WebGL from Scratch: Converting a Complex Mesh

In the last post, I generated a model directly within Blender and exported it as an OBJ file.

In this post, I’m going to take a model posted on the web and turn it into something that the code from last time can render without modification to the code from last time. After a brief search, I found a nice skeleton, which is an excellent model because you can see between the ribs as it rotates.

First, get a hold of the .3ds version of the model, and import it into Blender (File -> Import -> 3D Studio (.3ds)). Now, unless something’s changed, this didn’t go quite to plan for me: the rib cage was fine, but the figure itself was on its back! To fix this, click on the $$$DUMMY.Skelet mesh on the right-hand side of the window, then click on the Object editor and change the X-rotation to 90°:

skeleton-in-blender

There’s still a small problem here, as far as we’re concerned: the model is straddling 0,0 on the X-axis, which for our renderings so far has been the centre of our canvas. There are two solutions here:

  1. Translate the skeleton body and rib-cage by -1.25 in the Z direction (not the Y direction. Using the Blender defaults, .3ds and .obj disagree about which axes point where)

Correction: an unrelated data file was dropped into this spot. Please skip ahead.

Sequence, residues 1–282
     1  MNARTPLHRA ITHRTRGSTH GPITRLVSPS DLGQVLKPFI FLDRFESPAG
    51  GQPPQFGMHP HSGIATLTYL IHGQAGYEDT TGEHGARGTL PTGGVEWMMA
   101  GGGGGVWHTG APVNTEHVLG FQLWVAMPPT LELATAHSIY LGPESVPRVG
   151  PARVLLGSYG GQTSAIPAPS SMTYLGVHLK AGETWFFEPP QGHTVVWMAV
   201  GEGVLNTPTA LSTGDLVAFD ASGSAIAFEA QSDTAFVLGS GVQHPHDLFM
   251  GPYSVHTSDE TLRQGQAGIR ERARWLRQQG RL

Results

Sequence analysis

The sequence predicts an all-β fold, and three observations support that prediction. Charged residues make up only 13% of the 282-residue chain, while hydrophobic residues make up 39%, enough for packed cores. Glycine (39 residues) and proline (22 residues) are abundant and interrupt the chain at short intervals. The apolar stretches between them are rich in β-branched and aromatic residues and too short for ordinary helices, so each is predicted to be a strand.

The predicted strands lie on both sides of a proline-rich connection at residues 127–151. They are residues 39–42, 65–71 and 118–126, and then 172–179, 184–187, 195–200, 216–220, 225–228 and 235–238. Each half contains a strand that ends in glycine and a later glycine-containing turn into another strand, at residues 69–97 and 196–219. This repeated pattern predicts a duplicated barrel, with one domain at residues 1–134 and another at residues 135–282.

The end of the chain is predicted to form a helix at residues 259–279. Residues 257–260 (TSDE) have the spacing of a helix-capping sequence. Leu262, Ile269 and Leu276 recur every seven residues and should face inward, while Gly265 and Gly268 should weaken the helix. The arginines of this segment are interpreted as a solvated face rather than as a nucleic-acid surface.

2. Adjust our view matrix (in JavaScript) to move the world by the same amount in the Y direction (Remember: the view matrix moves the world around the camera)

NB. These are not really equivalent, as you’ll see if you rotate around anything but the Y-axis. Play around with that and see why.

With your translations/adjustments done, export the model as before:

  1. [File] -> [Export] -> [Wavefront (.obj)]
  2. Check ‘Write Normals’, ‘Triangulate Faces’, and ‘Objects as OBJ Objects’, and clear everything else
  3. Pick a filename and click ‘Export OBJ’

Then, back in the JavaScript code, change the loadMesh call to use your model, and reload the page. After a small pause (a second or two on my late 2011 Macbook Pro), you’ll see something like this:

skeleton

This is being lit by the very same vertex and fragment shaders as for the monkey face in the last post. The primary difference here is that the vertex count—available from a console.log in the JavaScript console—will list just short of a million vertices. Lit in real time, at 60fps. And, unless you’re doing this on a machine with no GPU, the CPU usage won’t be any different than it was when rendering a 36-vertex cube.

Pretty neat, huh?

In the next post, I’m going to take a step back to a programmatically generated square mesh, and use it to play with texturing.

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